The one and only highlight, apart from a pleasant walk round a nice green space, was catching a Skylark descending from its song flight and into one of the fields. I like Skylarks.

So after several months away, that's two Rainham visits on consecutive weekends. Here's hoping for a third next week.

In non-bird news, I started a new job on Friday doing similar-but-not-quite-identical project related things for the same employer. I actually have to wear a suit, rather than the pseudo-smart business casual I got away with in the IT department. But it does mean I've moved away from Tower Bridge, and therefore have officially lost my work patch. Fortunately I hear a fellow birder may be picking up the reins in a few weeks time, so there should still be someone keeping an eye on all the passage waders terns passerines gulls, but you should probably expect local rarities to appear pretty much solidly for the intervening few weeks.

Sunday, 6 March 2011

Was that seriously my first visit to Rainham this year?

I think it was. Bloody hell. Well I've broken the seal now, so I'll be back every few weekends from here on.

Ended up going for a quickish spin round the reserve with, you guessed it, the fiancée this afternoon. Seem to be spending a lot of time with her lately. Can't think why. Good thing she likes long walks in the country.

Bumped unexpectedly into a sweary local birder who was getting cold outside the visitors' centre looking for some Goldeneye that turned out to be round the corner about half a mile upriver. He caught up with them eventually. In the meantime we settled in with tea, bacon/sausage sandwich and cake. Try the homemade blueberry cake, it is NOM.

Started by heading clockwise round to the new hide, with fiancée picking up a Water Vole on the way. A Kestrel got me all excited by being a distant and high-altitude bird of prey around the area the Hen Harrier was last seen yesterday, but once I actually got the bins on it it was not to be. We sat and picked through gulls and waders for a while. Loads of Black Headed, a few Common and some indeterminate young brown ones which I really will learn to tell apart some day. Waders were a bit more interesting. The usual hundreds of Lapwing, three or four sleepy Redshank, a single Ruff wandering up and down and a Knot doing much the same. True counts were made difficult by a regular and unexplained shuffling of the deck as everything went up and came back down again thirty seconds later. I suspect they knew everyone was looking for the Hen Harrier and wanted to keep us on our toes. A couple of hundred Wigeon were grazing on the grassland, but the smartest Wildfowl out there was a male Pintail dipping for food.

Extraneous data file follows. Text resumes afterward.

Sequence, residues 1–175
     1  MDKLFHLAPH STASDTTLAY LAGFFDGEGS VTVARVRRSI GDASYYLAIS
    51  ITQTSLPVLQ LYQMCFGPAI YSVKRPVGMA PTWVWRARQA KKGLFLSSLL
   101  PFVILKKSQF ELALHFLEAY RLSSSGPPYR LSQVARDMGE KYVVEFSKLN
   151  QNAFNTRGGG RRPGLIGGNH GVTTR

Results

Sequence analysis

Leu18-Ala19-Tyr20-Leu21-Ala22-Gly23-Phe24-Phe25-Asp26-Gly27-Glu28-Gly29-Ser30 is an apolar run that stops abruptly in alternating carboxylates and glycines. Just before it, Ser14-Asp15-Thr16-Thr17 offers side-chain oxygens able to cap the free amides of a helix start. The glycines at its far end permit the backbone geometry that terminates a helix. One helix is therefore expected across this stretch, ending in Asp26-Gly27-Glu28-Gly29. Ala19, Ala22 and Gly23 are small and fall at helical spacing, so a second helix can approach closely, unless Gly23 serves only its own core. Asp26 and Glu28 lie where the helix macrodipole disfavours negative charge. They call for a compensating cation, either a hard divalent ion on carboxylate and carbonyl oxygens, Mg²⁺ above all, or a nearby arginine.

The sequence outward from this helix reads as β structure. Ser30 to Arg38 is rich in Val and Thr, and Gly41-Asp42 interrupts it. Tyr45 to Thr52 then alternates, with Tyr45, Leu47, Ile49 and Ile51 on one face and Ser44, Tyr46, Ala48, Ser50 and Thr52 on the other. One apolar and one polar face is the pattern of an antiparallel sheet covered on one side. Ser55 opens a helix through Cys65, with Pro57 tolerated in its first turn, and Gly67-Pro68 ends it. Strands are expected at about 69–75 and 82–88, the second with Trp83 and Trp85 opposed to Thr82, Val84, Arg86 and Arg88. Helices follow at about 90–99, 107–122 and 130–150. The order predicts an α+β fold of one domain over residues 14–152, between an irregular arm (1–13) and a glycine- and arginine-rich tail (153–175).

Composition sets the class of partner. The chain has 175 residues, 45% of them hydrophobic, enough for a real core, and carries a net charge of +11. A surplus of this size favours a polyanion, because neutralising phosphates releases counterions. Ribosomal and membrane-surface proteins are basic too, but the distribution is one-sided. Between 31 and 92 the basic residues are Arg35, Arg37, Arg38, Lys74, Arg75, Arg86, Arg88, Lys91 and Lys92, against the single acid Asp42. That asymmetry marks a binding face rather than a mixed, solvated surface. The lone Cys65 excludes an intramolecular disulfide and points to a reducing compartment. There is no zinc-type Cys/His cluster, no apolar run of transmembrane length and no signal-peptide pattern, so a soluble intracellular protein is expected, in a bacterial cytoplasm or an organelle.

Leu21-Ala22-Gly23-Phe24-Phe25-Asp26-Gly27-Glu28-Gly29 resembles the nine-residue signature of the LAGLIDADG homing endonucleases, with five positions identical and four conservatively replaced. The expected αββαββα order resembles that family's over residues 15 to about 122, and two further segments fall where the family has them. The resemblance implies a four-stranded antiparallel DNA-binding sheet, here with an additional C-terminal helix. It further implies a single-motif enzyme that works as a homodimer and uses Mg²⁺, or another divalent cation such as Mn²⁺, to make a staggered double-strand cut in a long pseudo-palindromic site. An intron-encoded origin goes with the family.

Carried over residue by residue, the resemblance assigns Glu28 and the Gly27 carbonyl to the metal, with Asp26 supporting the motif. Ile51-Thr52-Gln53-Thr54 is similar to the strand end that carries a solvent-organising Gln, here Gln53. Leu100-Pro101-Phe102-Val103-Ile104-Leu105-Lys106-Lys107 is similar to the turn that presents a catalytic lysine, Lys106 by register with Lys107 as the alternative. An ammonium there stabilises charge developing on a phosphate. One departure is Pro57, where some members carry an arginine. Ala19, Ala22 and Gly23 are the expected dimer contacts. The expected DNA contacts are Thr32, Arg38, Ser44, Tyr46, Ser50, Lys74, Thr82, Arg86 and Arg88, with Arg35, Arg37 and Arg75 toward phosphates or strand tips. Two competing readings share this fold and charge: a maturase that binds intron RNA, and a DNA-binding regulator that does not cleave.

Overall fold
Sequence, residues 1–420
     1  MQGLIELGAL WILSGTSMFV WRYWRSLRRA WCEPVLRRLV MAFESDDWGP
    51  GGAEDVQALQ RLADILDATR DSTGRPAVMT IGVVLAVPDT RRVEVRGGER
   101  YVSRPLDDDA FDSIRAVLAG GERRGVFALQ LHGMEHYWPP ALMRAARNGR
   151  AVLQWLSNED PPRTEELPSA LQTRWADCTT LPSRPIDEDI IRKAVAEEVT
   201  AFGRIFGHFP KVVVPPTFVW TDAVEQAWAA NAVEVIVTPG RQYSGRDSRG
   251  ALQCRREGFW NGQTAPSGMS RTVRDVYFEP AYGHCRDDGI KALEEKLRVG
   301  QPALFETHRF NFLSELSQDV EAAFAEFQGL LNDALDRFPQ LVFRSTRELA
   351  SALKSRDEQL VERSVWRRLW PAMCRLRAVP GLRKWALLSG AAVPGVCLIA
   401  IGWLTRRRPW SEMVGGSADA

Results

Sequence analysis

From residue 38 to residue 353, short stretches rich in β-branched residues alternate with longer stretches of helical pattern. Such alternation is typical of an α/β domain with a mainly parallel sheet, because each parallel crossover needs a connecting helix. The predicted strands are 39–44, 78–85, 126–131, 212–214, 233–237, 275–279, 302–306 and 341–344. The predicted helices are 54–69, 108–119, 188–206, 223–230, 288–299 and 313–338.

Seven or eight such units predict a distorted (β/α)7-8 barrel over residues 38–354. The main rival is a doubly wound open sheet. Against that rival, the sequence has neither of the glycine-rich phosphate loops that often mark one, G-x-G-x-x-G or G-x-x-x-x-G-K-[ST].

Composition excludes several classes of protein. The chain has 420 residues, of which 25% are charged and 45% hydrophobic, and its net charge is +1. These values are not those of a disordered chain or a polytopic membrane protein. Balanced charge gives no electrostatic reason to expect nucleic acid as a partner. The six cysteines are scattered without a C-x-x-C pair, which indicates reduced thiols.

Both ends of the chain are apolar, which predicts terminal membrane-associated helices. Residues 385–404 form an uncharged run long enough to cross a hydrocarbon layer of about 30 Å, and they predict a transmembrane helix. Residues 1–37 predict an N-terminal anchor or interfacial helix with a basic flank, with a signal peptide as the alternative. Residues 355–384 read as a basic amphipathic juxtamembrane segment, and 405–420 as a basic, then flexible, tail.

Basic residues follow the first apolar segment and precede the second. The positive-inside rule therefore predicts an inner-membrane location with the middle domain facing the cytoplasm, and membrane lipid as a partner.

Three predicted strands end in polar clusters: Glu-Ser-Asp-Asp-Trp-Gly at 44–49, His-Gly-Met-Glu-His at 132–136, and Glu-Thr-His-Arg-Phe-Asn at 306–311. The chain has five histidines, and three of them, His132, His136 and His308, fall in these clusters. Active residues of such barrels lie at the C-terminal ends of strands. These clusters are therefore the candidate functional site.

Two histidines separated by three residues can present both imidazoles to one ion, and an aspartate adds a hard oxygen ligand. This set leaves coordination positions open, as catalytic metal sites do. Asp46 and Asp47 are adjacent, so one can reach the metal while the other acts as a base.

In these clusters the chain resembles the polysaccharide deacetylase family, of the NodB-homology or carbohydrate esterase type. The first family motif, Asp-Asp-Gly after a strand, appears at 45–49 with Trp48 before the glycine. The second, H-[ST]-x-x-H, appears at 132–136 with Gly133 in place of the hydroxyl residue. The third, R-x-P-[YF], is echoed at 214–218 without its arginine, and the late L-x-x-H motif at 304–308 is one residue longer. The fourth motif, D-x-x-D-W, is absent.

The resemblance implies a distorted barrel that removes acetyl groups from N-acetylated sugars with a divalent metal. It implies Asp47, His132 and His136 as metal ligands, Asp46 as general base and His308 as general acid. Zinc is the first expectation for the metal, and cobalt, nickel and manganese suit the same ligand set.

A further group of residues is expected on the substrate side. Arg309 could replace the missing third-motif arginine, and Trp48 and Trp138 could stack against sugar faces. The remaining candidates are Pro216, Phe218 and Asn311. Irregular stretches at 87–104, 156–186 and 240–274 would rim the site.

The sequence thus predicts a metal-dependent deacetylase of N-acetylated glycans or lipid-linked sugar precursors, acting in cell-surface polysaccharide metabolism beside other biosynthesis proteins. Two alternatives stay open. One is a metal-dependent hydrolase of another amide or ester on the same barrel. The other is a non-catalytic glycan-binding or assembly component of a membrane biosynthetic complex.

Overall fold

Managed to get round the north reedbeds without hearing a single Cetti's, and apart from another flock of 15 or so Redshank during a quick stop in the Ken Barrett hide there wasn't much else that was exceptional out there. We walked back past the forest feeder and I was surprised by both the Bumble Bee, which I thought was early, and the two Redwing, which I thought were late, so I'm not convinced that spring is here quite yet. Getting very close though.

Nice to get out there and give the scope a run out again. Even if I'd taken the camera you wouldn't have got much out of today, it was all a bit distant. So I'm going to shamelessly steal someone else's.